Certain point-mutations in the human SERPINA1-gene can cause severe α1-antitrypsin-deficiency (A1AT-D). Affected individuals can suffer from loss-of-function lung-disease and from gain-of-function liver-disease phenotypes. However, age of onset and severity of clinical appearance is heterogeneous amongst carriers, suggesting involvement of additional genetic and environmental factors. The generation of authentic A1AT-D mouse-models has been hampered by the complexity of the mouse Serpina1-gene locus and a model with concurrent lung and liver-disease is still missing. Here, we investigate point-mutations in the mouse Serpina1a antitrypsin-orthologue, which are homolog-equivalent to ones known to cause severe A1AT-D in human. We combine in silico and in vitro methods and we find that analyzed mutations do introduce potential disease-causing properties into Serpina1a. Finally, we show that introduction of the King’s-mutation causes inactivation of neutrophil elastase inhibitory-function in both, mouse and human antitrypsin, while the mouse Z-mutant retains activity. This work paves the path to generation of better A1AT-D mouse-models.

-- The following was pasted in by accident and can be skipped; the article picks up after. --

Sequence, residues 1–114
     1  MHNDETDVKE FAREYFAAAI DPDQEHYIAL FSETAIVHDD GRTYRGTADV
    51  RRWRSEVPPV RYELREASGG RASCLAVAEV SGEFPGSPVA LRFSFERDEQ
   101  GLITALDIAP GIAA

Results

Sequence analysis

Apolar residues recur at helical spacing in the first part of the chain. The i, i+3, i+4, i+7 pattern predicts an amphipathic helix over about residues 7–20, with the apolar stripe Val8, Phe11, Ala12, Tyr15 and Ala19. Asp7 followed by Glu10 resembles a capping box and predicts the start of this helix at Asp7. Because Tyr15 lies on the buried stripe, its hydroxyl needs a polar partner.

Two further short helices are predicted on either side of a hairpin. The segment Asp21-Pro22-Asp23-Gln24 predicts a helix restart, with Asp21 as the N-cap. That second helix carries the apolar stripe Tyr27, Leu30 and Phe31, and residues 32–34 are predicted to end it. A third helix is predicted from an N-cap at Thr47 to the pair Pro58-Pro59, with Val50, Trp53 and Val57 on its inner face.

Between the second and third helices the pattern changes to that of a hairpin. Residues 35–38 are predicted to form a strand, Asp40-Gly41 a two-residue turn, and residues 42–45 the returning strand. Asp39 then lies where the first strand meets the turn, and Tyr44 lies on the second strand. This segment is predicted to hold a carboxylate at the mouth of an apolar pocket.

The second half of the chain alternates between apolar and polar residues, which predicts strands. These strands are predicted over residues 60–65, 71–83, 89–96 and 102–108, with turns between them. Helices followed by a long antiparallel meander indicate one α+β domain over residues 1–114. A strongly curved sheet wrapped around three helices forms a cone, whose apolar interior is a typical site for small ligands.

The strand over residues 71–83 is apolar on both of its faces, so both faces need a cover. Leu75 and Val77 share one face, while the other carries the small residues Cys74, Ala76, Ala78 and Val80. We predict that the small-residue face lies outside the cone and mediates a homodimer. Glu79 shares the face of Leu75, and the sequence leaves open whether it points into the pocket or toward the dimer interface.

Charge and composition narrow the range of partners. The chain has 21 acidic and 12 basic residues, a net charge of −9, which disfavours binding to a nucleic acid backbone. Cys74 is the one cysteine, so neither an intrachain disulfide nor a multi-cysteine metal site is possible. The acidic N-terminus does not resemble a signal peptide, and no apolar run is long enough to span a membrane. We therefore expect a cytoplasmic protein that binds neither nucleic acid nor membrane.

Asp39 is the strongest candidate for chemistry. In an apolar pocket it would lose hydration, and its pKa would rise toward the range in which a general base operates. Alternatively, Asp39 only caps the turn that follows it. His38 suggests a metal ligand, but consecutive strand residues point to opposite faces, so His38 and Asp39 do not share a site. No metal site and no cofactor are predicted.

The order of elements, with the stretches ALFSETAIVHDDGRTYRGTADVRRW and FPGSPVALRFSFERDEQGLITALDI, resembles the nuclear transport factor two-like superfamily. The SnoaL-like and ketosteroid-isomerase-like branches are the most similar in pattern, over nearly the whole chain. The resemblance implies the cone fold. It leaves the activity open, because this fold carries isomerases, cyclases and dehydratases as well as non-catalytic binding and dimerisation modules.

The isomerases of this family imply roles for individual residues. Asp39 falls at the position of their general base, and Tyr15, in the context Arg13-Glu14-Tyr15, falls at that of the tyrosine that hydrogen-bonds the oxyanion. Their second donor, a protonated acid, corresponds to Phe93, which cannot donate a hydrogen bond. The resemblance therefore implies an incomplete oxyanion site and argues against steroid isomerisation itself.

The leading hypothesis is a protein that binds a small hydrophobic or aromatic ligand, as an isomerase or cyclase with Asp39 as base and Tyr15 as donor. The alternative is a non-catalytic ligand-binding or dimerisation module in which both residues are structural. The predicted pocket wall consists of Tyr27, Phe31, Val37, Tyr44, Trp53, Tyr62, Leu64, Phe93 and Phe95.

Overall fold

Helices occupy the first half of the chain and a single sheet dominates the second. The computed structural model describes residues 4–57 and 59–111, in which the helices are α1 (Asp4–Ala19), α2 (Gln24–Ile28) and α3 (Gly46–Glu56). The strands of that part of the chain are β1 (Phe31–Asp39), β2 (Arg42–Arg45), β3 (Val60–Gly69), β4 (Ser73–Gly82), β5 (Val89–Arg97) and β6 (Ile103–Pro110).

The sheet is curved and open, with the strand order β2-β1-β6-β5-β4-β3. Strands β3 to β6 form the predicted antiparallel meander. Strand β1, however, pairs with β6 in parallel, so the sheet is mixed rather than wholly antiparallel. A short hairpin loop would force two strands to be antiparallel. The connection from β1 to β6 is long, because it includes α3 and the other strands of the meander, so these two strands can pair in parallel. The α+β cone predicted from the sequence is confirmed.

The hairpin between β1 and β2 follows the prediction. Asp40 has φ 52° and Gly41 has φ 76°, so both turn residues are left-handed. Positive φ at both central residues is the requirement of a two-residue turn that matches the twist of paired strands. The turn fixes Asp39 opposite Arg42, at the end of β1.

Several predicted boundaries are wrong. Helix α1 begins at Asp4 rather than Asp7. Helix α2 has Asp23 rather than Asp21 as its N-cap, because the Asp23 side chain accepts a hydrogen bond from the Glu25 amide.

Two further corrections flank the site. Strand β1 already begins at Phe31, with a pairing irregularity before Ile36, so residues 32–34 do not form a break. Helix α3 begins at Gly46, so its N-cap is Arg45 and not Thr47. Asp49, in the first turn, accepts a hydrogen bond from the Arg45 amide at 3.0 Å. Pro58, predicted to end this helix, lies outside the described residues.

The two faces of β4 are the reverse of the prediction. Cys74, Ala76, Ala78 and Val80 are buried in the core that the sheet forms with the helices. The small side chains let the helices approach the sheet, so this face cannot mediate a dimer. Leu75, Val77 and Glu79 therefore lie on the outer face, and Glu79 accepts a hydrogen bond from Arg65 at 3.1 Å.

• Ten-year efficacy and safety of tenofovir disoproxil fumarate treatment for chronic hepatitis B virus infection.

    Marcellin, Patrick; Wong, Dave; Sievert, William; Buggisch, Peter; Petersen, Jörg; Flisiak, Robert; Manns, Michael; Kaita, Kelly; Krastev, Zahari; Lee, Samuel S; et al. (Wiley-Blackwell, 2019-05-28)